Abbas says new Israeli settlements 'red line'

By Karin Laub

Associated Press

Published: Wednesday, Dec. 5 2012 12:00 a.m. MST

"They kill you just as dead, though not as dramatically, with a flourish, as is the case with E-1," he said of Givat Hamatos.

Israeli Foreign Ministry spokesman Yigal Palmor said the Palestinians should resume talks with Israel, instead of turning to the U.N. "Here is where it's at, not in New York," Palmor said. "If they have something to say, let them say it to us, directly."

Israeli-Palestinian talks have been frozen for the past four years, with Palestinians saying they cannot go back to the table as long as Israel keeps building on occupied land. Israel argues there should be no conditions.

After last week's General Assembly vote, Israel appears increasingly isolated, facing strident international criticism of its continued construction on war-won land the world overwhelmingly said belongs to the Palestinians. Israel's prime minister, Benjamin Netanyahu, was in Europe on Wednesday.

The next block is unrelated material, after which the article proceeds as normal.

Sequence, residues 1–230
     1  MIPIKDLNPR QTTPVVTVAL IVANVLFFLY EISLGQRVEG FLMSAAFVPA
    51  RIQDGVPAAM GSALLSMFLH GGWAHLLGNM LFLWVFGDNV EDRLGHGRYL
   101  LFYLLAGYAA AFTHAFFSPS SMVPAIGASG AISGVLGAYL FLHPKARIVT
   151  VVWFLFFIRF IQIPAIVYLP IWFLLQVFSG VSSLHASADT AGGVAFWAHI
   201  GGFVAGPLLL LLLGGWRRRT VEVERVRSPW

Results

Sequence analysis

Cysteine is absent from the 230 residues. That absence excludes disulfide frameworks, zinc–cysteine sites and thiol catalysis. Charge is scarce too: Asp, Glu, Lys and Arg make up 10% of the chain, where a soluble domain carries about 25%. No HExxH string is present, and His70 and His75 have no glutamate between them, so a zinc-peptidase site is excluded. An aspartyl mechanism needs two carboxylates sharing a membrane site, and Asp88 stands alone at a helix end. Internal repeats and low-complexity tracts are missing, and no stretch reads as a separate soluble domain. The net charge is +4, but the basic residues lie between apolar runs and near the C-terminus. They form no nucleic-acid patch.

He stopped in the Czech Republic, one of only eight countries to vote with Israel at the U.N. last week, before headed to Germany. Germany, one of Israel's closest allies in Europe, abstained in the vote, and has spoken out against the latest settlement plans.

More than half a dozen countries have summoned local Israeli ambassadors since the beginning of the week to protest the latest building plans, including Italy on Wednesday.

British Foreign Secretary William Hague told the British parliament Tuesday that there might be further diplomatic steps, though he suggested Europe is not considering economic sanctions against Israel for now.

Laub reported from Jericho, West Bank.

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